Tsai's leadership makes its mark in Taiwan

Tsai's leadership makes its mark in Taiwan

Parents' small-business background instilled work ethic from an early age. Today, the top-polling leader is a champion of women's rights

President Tsai Ing-wen has been selected by 'Time' magazine to be one of the 100 most influential people of 2020. reuters
President Tsai Ing-wen has been selected by 'Time' magazine to be one of the 100 most influential people of 2020. reuters

Tsai Ing-wen, the first female president of Taiwan, was recently selected by Time magazine to be one of the 100 most influential people of 2020 because of her administration's measures to contain the coronavirus outbreak in Taiwan.

Under Ms Tsai's leadership, Taiwan had gone more than 200 days without a locally acquired Covid-19 case, and the country had only 942 cases and nine deaths since the start of the pandemic.

That success could be attributed to the quick response of Ms Tsai's administration, which instituted one of the world's most effective pandemic response protocols.

Her government quickly responded to early reports of the virus, preparing to close borders, impose travel restrictions, and set up rigorous contact tracing and quarantine protocols.

Born in 1956 in Taipei, Ms Tsai traces her family roots to Fangshan Township of Pingtung County in southern Taiwan. Growing up at an auto repair shop run by her parents, her family background instilled in her the spirit of small and medium-sized enterprises -- professional, dynamic, resilient and hard-working.

Ms Tsai graduated with a PhD in Law from the London School of Economics and Political Science in 1984, specialising in international trade and competition.

After finishing her studies and returning to Taiwan, Ms Tsai served as an associate professor and then a professor in the Department of Law at National Chengchi University (1984–1990), a professor at the Soochow University School of Law (1991–1993) and a professor in the Department of International Business at National Chengchi University (1993–2000).

In 2004, she joined the Democratic Progressive Party (DPP) and became a legislator at-large (2005–2006). She was then appointed to serve as vice premier (2006–2007). After the DPP returned to the opposition, Ms Tsai was elected DPP chair for two successive terms (2008–2010 and 2010–2012), the first woman to chair a major political party in Taiwan.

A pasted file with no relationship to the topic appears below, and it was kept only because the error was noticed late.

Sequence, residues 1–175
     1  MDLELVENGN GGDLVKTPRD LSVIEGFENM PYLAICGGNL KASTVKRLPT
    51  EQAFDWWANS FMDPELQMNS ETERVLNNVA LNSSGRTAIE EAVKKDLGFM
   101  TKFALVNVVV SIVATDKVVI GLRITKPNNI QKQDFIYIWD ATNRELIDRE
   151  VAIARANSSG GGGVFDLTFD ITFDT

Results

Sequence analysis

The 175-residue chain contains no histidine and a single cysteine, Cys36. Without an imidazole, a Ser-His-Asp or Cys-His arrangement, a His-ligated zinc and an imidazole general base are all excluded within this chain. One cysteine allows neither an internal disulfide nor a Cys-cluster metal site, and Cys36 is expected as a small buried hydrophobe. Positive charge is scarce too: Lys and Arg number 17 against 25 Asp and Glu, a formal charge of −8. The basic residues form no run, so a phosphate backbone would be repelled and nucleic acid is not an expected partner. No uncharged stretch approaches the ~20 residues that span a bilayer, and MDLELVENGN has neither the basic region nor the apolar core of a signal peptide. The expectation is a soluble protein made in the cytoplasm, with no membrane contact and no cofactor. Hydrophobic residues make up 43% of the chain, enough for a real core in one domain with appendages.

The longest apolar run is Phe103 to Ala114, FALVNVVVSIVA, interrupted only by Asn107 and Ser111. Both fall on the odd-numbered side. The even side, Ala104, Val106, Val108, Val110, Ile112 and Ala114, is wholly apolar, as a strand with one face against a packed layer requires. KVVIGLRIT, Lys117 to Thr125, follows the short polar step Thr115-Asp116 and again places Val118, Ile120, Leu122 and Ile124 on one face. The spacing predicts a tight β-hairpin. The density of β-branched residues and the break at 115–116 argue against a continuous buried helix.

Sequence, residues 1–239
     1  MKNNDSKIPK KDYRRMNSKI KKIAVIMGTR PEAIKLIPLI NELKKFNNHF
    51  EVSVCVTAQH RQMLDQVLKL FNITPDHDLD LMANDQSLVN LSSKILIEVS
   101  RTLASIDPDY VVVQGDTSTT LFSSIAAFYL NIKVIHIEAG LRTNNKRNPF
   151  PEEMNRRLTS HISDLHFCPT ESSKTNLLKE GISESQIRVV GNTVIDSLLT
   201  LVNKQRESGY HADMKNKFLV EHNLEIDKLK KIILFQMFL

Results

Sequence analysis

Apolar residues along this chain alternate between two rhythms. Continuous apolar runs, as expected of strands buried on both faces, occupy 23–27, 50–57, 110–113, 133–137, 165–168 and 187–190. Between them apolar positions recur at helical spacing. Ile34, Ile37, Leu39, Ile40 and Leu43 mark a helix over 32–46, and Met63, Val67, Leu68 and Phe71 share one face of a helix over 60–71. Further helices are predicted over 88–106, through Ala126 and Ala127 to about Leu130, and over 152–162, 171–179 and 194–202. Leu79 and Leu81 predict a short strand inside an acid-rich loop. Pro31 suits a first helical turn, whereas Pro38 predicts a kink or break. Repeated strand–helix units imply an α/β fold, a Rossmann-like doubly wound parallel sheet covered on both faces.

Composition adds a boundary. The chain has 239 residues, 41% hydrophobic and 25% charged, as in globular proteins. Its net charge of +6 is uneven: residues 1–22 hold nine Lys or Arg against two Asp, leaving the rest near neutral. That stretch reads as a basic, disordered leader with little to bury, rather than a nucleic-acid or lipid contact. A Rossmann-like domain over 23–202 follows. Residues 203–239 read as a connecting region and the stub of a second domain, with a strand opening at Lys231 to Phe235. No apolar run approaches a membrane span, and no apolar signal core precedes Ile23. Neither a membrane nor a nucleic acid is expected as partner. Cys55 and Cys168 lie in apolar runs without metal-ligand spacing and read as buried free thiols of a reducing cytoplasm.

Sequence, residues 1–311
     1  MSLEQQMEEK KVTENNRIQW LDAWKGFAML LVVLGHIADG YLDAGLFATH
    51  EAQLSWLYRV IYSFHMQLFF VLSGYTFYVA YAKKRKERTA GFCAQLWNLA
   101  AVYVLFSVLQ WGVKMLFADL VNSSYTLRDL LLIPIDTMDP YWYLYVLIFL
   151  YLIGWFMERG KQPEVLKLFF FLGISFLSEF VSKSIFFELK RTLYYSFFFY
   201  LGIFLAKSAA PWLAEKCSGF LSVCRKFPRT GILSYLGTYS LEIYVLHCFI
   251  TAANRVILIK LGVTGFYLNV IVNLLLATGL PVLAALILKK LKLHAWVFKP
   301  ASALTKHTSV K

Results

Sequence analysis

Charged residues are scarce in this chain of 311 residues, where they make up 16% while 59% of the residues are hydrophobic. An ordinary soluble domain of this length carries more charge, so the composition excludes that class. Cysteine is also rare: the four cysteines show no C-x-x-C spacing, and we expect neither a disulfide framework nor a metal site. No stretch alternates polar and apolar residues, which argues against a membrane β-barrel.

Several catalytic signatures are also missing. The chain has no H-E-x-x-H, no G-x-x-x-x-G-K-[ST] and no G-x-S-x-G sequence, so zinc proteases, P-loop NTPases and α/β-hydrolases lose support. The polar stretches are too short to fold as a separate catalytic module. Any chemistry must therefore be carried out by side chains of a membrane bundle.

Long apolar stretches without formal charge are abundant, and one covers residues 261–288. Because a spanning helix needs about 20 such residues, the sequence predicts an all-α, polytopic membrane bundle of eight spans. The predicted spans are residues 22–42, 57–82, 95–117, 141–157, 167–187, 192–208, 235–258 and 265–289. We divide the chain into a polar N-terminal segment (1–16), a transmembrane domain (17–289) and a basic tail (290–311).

Ms Tsai represented the DPP in Taiwan's 13th presidential election in 2012, becoming Taiwan's first female presidential candidate. She ran again as the DPP candidate in 2016 and was elected as the nation's 14th president. The first female head of state in Taiwan's history, Ms Tsai is also the first female head of state in Asia who was not born into a political family.

Last year, Ms Tsai represented the DPP in the nation's 15th presidential election and was successfully re-elected with over 8.17 million votes, the highest total in history.

Ms Tsai is popular among young people for legalising same-sex marriage in 2019, making Taiwan the first country in Asia to allow same-sex marriage.

She often shows her support for LGBT rights. In 2015, she released a campaign video in which three same-sex couples appeared and when the biggest gay pride parade in Asia was held in Taipei, Ms Tsai also expressed her support for same-sex marriage.

She posted a 15-second video on her Facebook page saying: ''I am Tsai Ing-wen, and I support marriage equality'' and ''Let everyone be able to freely love and pursue happiness''.

Many people in Taiwan also see Ms Tsai's presidency as a sign of the improving status of women in Taiwan.

In the year Ms Tsai was elected, the number of female legislators in Taiwan's parliament reached 38%, putting it far ahead of the 22% international average. The figure was higher than the UK, Germany, and the US.

Her government encourages the promotion of gender equality. As a result, Taiwan this year ranks first in Asia and sixth worldwide in terms of gender equality based on the Gender Inequality Index.

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